end proc,
           proc(element::algebraic,n::algebraic) option overload; # procedure to use for something else
           return :-`^`(element,n); # hand this one over to Maple's `^`
           end proc
           ]); # close the overload arglist

This works even when calling Lattice:-`^` explicitly (since the overload is now completely handled in there).

And the funny conversion of / into the exponent form is actually explained (or at least stated) in the help file for Maple's arithmetic operators.



@asa12 As kitonum's results show, only the difference of t2 and t1 matter; the absolute values do not enter.

And kitonum is correct of course; if you have a larger data set then you need to do curve fitting. be advised, though, that fitting frequencies (w) is tricky and needs good initial estimates in order to succeed. I have had success in refining frequency estimates by using a first-order expansion to improve the estimate.

Of course we are a bit speculating here as you have not told us the exact nature of what you want to achieve...


PS: kitonum took the step of linearizing the system by taking the arcsin. Clever.

@Paul Thanks very much for the reply and promised fix as well as for stating the conditions under which the bug shows up (which is important to know). I will be looking forward to the fix (OS X in my case).

Any chance that fix can be carried back at least one or two versions of Maple? While I myself use mostly Maple 2015 now and will be ok; not everyone is current all the time. Given the severity of this bug I think carrying the fix back at least a couple of versions should be considered.



PS: I am aware of Edgardo's work-around and will try/use it on my old Maple 15 installation on PPC Macs that cannot run later versions of Maple. But in some cases that approach may have unintended side effects.

I really would like someone from Maplesoft to comment on this. After all, this really is not some weird fringe case.

Mac Dude.

@Carl Love It's more bizarre than that: If I prepend 0+ to the expression the answer is correct. If I prepend tone+ to the expression (tone just being an unassigned symbol) the answer is wrong. This on Maple 2015 on Mac OS X 10.10 Yosemite.

It is actually a bit unsettling. If Maple screws up with such a trivial case, how can one "trust" its results for much more complicated real-life cases where mere inspection does not really work anymore. I hasten to add that I do not, as a rule, "trust" any software and always try to double-check the result I am given, by backsubstitution if possible or other means,  but still...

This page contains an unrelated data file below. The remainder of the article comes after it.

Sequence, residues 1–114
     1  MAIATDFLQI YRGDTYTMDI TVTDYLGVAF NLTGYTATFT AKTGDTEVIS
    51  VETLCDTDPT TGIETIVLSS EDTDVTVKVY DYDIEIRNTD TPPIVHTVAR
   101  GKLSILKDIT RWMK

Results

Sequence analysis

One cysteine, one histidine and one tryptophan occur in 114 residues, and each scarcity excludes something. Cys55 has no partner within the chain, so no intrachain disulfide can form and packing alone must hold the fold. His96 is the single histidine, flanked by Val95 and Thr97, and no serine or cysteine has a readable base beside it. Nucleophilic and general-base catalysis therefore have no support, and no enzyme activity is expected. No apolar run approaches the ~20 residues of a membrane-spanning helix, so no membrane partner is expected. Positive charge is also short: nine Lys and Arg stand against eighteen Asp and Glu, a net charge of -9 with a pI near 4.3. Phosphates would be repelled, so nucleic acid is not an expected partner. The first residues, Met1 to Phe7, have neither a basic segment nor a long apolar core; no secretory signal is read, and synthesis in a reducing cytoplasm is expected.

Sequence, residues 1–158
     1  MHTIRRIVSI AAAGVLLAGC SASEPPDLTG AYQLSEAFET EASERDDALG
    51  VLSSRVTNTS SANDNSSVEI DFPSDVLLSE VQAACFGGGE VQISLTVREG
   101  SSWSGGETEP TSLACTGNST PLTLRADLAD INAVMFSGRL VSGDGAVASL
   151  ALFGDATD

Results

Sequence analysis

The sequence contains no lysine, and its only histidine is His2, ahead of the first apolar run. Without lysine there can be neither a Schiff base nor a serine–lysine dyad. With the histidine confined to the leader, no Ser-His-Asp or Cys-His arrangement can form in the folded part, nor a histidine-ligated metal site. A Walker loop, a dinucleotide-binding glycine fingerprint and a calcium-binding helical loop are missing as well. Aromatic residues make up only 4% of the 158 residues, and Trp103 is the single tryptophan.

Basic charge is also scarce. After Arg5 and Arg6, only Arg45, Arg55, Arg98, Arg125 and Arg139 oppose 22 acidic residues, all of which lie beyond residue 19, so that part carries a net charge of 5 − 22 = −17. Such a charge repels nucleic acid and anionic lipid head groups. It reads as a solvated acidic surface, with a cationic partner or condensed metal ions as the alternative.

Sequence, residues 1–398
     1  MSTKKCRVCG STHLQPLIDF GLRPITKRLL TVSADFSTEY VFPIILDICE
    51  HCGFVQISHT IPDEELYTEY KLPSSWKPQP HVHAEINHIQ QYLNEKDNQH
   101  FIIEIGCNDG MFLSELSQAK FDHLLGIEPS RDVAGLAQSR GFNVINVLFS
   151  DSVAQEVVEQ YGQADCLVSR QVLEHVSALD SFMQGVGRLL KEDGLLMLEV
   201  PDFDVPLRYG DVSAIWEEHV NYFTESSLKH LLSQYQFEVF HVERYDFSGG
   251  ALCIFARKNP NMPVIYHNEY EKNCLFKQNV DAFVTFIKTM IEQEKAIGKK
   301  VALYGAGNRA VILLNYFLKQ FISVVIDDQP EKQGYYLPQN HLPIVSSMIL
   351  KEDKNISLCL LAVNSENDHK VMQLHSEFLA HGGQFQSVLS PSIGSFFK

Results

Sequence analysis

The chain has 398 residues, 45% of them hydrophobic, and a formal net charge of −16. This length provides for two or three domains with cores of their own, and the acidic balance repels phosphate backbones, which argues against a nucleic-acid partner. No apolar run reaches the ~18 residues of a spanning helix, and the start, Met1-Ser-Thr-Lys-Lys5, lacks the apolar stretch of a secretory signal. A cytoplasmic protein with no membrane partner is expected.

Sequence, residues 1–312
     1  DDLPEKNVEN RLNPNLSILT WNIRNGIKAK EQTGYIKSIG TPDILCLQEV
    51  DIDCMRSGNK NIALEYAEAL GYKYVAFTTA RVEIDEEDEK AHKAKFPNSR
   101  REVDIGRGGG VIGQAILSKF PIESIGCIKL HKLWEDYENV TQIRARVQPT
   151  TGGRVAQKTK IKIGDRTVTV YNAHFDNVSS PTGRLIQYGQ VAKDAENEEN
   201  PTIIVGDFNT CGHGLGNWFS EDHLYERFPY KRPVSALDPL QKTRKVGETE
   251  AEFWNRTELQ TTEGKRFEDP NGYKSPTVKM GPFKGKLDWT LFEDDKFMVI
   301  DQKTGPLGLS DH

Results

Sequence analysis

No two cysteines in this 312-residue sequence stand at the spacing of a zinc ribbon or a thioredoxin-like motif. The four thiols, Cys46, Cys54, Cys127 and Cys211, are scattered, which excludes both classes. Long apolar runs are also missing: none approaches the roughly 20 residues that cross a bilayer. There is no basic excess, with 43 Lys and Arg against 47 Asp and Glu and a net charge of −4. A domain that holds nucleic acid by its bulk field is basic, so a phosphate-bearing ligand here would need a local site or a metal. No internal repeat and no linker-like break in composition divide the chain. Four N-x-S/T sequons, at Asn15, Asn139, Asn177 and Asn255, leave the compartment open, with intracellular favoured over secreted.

Well, it isn't obvious whether your code snippets are supposed to be Maple code or pseudo code. But a few observations:

In general, don't use implied multiplication. For C1cosh() write C1*cosh() etc. (assuming that is what you mean).

Assignments in Maple are written as := . The simple = sign denotes an equation (a Maple object).

In Maple, variable names are case sensitive. C1 is not the same as c1.

Please review your code snippets, fix them up as well as you can and try again.

Mac Dude

@gkokovidis Caveat 1: time()-st only measures evaluation time, not the time spent simplifying or in the GUI. It isn't always obvious what is what (e.g. simplify() is not simplification in this sense and does incur CPU time measurable by time()).

Caveat 2: as written, time()-st returns the total CPU time. This specifically means that if you compare a parallelized version of code against a single-threaded one the parallelized will appear to be not any faster as the total CPU time is the sum of the times spet on each CPU. time[real]() returns the wall-clock time so can be used to quantify the effect of parallelizing code.

As others have mentioned, CodeTools:-Usage will give more detailed info but works only on expressions (incl. procedures).


@ecterrab Thanks very much. Just downloaded the update and will work on this later.


@tomleslie I see what you mean. I may have overlooked the second statement involving sym().

As for translation of toolbox functions, I agree 100% with you. In this case, by "translation" I was really implying to do those bits by hand. There is rather obviously no way an automatic translator could know what is behind a toolbox call, unless the translator is actually a part of the toolbox.